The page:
The JayPad Team

@TalkAboutJack

How we built a (very tiny) Slack competitor by accident

We set out to easily plan a roadtrip and built ourselves a project management tool

When deciding which way to pivot after a promising Alpha launch mid 2016 we asked ourselves what we needed most. As we described in this post it would be a simple tool to help plan our yearly vacations, friends- and family gatherings, birthdays and so forth. The basic functionality of our JayPads is to separate the relevant facts and information (finding a date, who brings what, who drives where etc.) from the ever growing blabla of, especially, a group chat — looking at every cat video ever. The times we planned bachelor parties through reply-all chain mails haunt us to this day and we cannot talk about these.

The times we planned bachelor parties through reply-all chain mails haunt us to this day

So we set out to help us keep sanity in these planning scenarios and since Trello did not enable the communication and discussions we needed we chose Slack as our main information and collaboration hub. Which was when the fun began.

This was our “information hub” during the first months of working in team JayPad.

I remember using the Slack “productivity hack” of utilizing the search function daily for accessing important information which was posted sometime ago. Slack quickly became this ever growing and organic discussion slash graveyard of URLs, pitchdecks, ideas, to-dos and deadlines. And this in a team of two. In hindsight it was a nightmare — we were discussing a competitor and deciding on its relevancy while believing the common narrative that these information would somehow magically be accessible forever. Which is not the case.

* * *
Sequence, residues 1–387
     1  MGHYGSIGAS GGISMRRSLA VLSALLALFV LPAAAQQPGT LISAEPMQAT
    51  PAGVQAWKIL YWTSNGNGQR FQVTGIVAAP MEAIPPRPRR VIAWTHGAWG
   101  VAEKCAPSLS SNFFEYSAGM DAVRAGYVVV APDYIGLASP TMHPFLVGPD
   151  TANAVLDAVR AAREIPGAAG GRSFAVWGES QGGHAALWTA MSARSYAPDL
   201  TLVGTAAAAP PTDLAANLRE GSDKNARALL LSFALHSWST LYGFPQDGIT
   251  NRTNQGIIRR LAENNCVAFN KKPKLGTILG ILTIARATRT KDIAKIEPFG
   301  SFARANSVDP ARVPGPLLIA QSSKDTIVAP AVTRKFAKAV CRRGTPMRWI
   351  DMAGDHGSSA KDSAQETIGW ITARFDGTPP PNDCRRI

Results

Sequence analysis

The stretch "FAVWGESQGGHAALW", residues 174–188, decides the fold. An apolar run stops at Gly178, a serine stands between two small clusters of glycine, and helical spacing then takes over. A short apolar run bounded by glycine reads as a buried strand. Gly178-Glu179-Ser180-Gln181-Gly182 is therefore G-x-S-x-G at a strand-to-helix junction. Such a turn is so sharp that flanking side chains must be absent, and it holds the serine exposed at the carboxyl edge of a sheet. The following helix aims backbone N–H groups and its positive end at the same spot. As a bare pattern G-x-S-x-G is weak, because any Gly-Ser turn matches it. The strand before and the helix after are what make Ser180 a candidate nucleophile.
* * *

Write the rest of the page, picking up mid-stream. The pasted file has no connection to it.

Slack quickly became this ever growing and organic discussion slash graveyard of URLs, pitchdecks, ideas, to-dos and deadlines

It wasn’t until two weeks into the active testing of the staging environment of our party planning tool when we first noticed that we had switched intuitively from using Slack as our means for project management and collaboration into our own JayPads. We figured our framework of one single discussion channel and a complementary content pad, in which results of this single continuous discussion would be stored, fit our needs much more than the presumably greatest collaboration software known to man.

Our solution is a very simple tool which separates relevant content from ever-growing blabla.

So one could say that we discovered somewhat by accident that building a party planner gave us the collaboration tool which we needed in order to build a party planner. In our opinion managing a project like a startup of two or any side project most likely will not benefit from using one of the common collaboration solutions and requires a significantly less complex tool. All we needed was a store for results, facts and information as well as a channel to develop these results. The separation of relevant content and general discussion.

If this is interesting for you: We are featured at Product Hunt: https://www.producthunt.com/posts/jaypad come and join the discussion — we’d love to hear your feedback.

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